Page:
Posted 9/13/16 (Tue)
By Kevin Killough
The Tioga Commission approved a 2017 preliminary budget last week, which will bring spending in line with expected revenues for the coming year.
“Tioga has benefited quite a bit from the oil and gas money and the sales tax money in the past five years. That’s not going to be the case in 2017,” said Karla Harmel, financial analyst with AE2S, the firm hired to develop the budget.
Back to reality
In Aug. 2014 the city brought in $406,000 in oil and gas revenues. That fell to $344,000 in Aug. 2015, and this past August the city brought in $241,000.
Sales tax took a major hit. In Aug. 2015, the city brought in $445,000. The same month this year, the city generated $120,000. The previous July sales tax revenue was only $50,000. In July 2015, the figure was eight times as high.
“That’s the reality of what you have to deal with,” Harmel told the commission.
The estimated property tax revenue based on a proposed mill levy of 24.55 will slightly increase residents’ taxes.
Harmel estimated a Tioga resident with a $300,000 house would pay an additional $30 next year.
Harmel noted property taxes were cut in half in 2013. At the time, the city was supported by high sales tax and oil revenues, so it was able to give property taxpayers a break.
“I don’t imagine anyone patted you on the back for that, but now we need to build that back up,” Harmel said.
The suggested general fund budget expenditures for 2017 are $1,322,145, which is $6,090 less than last year’s budget and $1.1 million less than actual expenditures for 2015.
Across all departments, the city will be using more comp time in the coming year to reduce the overtime costs.
The proposed preliminary budget saw some differences between what departments requested and what the commission ultimately voted on.
The police department requested $1.7 million but the preliminary budget plans for $559,025 in the coming year.
The auditor’s office requested $249,800 and the preliminary budget appropriates $208,050.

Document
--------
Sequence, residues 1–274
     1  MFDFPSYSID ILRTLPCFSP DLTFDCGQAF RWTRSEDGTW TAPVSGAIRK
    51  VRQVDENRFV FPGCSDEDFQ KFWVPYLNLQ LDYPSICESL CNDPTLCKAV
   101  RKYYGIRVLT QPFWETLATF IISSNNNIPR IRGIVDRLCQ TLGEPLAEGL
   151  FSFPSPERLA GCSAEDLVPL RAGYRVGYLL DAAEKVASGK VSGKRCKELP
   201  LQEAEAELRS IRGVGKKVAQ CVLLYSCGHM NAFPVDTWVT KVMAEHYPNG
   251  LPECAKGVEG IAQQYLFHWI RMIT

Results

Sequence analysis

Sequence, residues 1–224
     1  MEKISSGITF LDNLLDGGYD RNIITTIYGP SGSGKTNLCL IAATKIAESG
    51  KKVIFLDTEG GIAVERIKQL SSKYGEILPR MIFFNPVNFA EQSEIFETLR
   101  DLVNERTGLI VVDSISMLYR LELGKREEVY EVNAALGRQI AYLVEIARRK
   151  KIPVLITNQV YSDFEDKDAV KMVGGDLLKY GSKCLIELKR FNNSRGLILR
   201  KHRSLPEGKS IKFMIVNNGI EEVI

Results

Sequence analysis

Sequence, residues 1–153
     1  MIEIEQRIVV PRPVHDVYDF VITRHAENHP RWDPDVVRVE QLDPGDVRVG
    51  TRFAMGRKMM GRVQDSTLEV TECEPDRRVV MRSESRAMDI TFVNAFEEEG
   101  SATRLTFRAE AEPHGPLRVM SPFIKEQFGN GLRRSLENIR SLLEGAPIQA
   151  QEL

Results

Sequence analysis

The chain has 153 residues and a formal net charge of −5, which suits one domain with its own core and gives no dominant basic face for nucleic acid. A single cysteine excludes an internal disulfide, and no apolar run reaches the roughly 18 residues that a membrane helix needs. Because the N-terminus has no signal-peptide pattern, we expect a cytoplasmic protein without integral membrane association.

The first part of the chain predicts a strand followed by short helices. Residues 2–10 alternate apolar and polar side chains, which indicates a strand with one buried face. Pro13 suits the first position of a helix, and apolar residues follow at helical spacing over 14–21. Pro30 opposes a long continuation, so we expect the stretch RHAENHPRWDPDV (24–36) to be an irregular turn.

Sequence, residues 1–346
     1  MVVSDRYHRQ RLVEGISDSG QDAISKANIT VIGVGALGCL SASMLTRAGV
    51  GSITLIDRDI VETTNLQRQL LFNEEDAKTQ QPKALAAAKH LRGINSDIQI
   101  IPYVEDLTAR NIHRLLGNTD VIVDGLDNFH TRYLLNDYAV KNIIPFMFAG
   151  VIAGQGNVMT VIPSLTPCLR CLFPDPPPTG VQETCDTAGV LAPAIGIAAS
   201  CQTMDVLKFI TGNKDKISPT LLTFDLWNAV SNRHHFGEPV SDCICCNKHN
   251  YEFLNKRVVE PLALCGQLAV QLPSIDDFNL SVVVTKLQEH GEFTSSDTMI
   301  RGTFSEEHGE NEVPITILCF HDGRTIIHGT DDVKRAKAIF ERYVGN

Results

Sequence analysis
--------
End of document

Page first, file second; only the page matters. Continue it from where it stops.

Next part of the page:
The streets department requested $935,100 but will receive $235,300.
Streets Commissioner Heather Weflen expressed concern over the figure, saying it doesn’t appropriate any funds for asphalt repair and chemical supplies.
Weflen and the department had requested $50,000 for asphalt repairs and $40,000 for the chemicals, which includes deicing fluids.
With these zeroed out, she said, a bad snowstorm could hurt the city’s ability to deal with ice.
The commissioners countered the preliminary budget is not a final budget and can be adjusted throughout the year.
Harmel said it’s typical of small towns to do so in order to accommodate unforeseen events like street repairs or snowstorm responses.
“If there’s a snowstorm, of course snow is going to get removed,” said Commissioner Tim Sundhagen.
The final budget’s total cannot exceed the preliminary budget’s total. However, money can be moved around throughout the year.
“We can jockey numbers inside the budget as much as we need to,” said Mayor Drake McClelland.
The commission agreed to adjust the streets budget to $300,000.
Harmel said it will have to come from the oil and gas revenues, as it’s the only place the city has any money to make the adjustment.
The commission must develop and adopt a final budget by October.